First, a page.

From what I see below, I did not specify a gateway under the interface, so I'm guessing that because my WAN connection is PPPoE any traffic that hits it (i.e. any outbound traffic) will get NAT'ed to the WAN IP - thoughts?

    Thanks again for all of your help so far, you guys rock.


  • @kcleveland:

    My next question is: Now that everything is working, I want to change the IP address of the LAN interface on pfsense to be 192.168.5.1 instead of 192.168.0.1 - this way I can start to setup openVPN without worrying about duplicating IP's.  Can I just go into the interface, change the IP and be good to?  Or will it totally trash my setup if I try to change it?  I'm not using the default VLAN on the switch for anything anymore (I changed the mgmt VLAN to VLAN 30 so only one of my wired mgmt PC's can get to it), so I think that changing pfsense's LAN IP to 192.168.5.1 should work, as pfsense is literally the only thing left with an IP in 192.168.0.x subnet, a subnet which really doesn't even exist anymore - thoughts?

    If you are on the right vlan, you can use any network range you want. :)

    @kcleveland:

    Another question: It looks like this may still be up for debate, but I left the outbound NAT at default, and everything is working.  You had suggested disabling it and creating rules instead- I just have rules right now that allow everything, but outbound NAT is still default - can I just turn NAT to manual and everything will still work (and I can slowly lock everything down with better rules)?  Or will I need to re-create specific rules that would mimic what the default outbound NAT does?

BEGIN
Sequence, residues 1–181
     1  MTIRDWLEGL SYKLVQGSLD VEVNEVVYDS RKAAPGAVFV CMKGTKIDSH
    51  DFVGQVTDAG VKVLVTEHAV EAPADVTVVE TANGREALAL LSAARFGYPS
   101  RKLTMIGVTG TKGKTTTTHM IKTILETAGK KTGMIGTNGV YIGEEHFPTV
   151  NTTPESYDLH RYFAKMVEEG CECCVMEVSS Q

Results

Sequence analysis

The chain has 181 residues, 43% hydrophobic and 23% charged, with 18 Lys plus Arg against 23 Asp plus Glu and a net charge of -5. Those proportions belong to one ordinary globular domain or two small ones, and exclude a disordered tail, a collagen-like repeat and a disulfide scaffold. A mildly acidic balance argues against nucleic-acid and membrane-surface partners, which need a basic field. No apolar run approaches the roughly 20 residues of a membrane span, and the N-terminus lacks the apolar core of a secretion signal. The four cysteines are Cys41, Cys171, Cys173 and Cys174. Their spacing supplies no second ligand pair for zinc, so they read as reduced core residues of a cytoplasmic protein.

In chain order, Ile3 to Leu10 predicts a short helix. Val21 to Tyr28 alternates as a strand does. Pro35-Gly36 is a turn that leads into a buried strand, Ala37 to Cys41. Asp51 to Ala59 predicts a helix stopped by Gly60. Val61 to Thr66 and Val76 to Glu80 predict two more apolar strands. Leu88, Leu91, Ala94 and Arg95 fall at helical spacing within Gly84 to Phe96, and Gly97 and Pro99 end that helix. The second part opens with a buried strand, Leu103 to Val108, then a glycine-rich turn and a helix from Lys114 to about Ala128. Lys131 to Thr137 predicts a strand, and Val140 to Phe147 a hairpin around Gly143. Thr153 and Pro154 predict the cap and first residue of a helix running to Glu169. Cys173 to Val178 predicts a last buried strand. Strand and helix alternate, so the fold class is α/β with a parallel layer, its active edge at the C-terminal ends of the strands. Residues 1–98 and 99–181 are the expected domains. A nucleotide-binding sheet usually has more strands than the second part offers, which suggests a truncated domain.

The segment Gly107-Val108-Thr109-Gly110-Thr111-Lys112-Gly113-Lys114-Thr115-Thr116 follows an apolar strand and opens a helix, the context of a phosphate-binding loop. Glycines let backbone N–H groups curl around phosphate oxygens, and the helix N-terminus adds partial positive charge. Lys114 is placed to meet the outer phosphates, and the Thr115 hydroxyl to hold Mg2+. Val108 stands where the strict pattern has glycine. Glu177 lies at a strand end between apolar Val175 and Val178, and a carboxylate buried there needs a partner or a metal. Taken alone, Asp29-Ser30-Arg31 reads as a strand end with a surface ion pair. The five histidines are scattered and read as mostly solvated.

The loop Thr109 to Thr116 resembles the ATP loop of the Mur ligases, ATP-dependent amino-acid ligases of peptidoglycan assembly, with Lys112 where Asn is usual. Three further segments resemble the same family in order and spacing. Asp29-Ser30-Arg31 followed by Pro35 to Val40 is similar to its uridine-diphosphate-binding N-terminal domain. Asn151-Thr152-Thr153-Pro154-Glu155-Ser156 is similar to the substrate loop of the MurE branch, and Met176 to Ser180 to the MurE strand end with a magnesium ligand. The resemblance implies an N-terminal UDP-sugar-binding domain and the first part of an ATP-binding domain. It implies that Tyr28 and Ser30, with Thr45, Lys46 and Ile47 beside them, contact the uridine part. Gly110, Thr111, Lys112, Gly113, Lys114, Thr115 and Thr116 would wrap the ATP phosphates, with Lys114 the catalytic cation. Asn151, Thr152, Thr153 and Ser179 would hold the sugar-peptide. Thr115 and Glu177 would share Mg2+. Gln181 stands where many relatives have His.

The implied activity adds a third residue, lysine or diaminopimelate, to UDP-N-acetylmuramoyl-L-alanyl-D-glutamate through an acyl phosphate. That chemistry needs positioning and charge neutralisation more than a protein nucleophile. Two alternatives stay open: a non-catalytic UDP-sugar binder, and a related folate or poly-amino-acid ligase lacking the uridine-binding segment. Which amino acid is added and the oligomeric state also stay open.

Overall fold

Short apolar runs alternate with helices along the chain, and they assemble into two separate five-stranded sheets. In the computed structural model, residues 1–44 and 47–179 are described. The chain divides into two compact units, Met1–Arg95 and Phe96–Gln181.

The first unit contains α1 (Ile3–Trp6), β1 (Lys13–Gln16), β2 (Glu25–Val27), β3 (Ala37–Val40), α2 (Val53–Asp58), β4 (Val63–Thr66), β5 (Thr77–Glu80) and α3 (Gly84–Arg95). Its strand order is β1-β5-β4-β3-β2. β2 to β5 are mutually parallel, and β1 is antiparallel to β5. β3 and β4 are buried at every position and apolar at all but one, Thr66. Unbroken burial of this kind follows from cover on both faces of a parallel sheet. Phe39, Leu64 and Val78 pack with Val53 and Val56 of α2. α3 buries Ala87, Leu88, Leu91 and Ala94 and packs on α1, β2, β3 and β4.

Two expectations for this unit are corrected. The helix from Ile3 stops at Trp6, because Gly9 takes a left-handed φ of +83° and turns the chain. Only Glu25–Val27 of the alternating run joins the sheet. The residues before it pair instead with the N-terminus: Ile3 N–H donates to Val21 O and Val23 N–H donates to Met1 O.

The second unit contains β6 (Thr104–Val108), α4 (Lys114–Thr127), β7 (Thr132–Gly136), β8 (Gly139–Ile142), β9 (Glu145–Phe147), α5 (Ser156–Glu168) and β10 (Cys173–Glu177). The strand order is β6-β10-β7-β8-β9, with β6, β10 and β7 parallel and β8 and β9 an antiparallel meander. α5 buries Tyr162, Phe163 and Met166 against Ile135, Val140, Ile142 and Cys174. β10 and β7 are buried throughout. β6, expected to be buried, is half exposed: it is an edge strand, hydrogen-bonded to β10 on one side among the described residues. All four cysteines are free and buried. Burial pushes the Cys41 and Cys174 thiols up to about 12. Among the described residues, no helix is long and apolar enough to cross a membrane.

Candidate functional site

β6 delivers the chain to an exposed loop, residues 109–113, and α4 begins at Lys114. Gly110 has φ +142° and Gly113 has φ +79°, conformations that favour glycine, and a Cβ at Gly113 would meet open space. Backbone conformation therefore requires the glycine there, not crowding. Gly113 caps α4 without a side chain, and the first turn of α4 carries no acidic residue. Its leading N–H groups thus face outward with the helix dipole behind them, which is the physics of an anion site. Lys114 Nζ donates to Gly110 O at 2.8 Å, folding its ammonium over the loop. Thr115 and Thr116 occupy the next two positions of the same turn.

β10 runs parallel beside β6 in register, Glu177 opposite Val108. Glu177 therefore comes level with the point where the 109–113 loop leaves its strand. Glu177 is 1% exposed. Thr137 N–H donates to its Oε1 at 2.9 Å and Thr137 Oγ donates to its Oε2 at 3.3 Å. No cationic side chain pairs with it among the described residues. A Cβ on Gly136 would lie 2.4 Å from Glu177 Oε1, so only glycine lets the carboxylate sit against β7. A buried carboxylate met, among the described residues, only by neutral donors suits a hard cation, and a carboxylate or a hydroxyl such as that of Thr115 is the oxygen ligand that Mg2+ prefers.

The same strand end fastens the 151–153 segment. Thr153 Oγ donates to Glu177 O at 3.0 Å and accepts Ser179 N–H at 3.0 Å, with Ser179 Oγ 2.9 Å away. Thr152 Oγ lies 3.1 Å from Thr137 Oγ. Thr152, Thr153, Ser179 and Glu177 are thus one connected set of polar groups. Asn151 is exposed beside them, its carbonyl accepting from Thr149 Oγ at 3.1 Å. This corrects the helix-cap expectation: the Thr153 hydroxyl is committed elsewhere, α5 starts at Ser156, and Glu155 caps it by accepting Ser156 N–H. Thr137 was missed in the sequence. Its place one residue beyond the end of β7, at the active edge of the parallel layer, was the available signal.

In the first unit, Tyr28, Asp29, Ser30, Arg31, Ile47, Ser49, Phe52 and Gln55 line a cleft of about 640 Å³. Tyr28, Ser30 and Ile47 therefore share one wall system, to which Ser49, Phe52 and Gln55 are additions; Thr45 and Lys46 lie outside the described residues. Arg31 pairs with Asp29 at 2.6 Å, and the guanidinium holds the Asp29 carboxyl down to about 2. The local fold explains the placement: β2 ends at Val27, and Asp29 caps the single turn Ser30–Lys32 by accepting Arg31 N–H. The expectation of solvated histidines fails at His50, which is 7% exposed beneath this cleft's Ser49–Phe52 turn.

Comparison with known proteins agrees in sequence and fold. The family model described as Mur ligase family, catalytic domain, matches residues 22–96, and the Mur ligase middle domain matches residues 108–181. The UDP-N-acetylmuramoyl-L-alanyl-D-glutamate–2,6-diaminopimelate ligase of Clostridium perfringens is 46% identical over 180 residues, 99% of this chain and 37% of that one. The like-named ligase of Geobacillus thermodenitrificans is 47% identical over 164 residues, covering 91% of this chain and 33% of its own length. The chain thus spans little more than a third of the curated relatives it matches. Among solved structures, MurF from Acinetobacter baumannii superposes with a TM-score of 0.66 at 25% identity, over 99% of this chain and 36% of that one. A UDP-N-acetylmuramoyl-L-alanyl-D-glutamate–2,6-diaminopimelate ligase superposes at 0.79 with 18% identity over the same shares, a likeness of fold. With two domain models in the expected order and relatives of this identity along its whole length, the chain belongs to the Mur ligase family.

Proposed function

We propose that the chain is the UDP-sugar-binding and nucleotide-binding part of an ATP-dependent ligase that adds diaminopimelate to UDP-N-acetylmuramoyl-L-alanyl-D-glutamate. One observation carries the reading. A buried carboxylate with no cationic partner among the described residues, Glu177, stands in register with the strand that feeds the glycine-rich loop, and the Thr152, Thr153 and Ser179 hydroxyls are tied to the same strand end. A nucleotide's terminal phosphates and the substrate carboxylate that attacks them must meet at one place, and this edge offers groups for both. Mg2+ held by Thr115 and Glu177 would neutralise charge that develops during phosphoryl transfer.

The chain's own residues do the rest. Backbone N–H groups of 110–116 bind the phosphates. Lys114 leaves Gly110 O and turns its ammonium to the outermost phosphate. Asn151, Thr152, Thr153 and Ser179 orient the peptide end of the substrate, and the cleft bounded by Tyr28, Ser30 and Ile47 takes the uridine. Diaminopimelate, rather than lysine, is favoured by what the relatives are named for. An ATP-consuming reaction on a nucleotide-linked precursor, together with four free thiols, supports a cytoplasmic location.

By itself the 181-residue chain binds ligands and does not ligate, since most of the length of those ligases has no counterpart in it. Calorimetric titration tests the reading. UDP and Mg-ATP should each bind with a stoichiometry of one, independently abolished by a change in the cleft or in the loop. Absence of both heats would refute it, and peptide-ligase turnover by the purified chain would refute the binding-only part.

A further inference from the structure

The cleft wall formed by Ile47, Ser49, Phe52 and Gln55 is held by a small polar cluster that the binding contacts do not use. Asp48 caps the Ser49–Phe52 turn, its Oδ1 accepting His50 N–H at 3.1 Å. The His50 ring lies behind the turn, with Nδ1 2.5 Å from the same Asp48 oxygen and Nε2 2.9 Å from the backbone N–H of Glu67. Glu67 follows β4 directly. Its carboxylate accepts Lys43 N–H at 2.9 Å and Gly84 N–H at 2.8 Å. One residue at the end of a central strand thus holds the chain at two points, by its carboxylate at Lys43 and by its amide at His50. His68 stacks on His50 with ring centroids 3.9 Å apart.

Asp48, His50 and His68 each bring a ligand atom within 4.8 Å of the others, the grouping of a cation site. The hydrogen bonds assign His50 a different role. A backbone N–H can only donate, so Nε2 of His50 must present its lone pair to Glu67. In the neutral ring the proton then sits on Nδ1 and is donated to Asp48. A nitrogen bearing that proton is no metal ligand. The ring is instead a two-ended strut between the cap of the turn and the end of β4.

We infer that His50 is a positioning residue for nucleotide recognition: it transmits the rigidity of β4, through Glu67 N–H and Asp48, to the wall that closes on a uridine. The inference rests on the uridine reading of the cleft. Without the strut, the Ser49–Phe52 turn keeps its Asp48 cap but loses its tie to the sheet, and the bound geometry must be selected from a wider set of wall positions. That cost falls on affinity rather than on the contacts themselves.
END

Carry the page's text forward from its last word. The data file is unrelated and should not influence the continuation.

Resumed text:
From what I see below, I did not specify a gateway under the interface, so I'm guessing that because my WAN connection is PPPoE any traffic that hits it (i.e. any outbound traffic) will get NAT'ed to the WAN IP - thoughts?

    Keep nat on automatic just like cmb said. It will work.


  • Thanks again marcelloc.

    Ok, I've accomplished everything I've set out to with pfsense so far, but I have one last question/issue (it changes gears a bit).

    Everything on my network is now good to go, except that I separated my wireless into a vlan and my media into a vlan - the one issue that caused is that my wife has an app on her iPhone that streams movies via upnp/dnla from my NAS to her iPhone - the NAS is now in a separate VLAN from her iPhone (NAS in media vlan and iPhone in wireless VLAN), so the app cannot discover the NAS anymore.  I need to get this one last thing working for her before I can declare this deployment complete - from a starting phase at least :)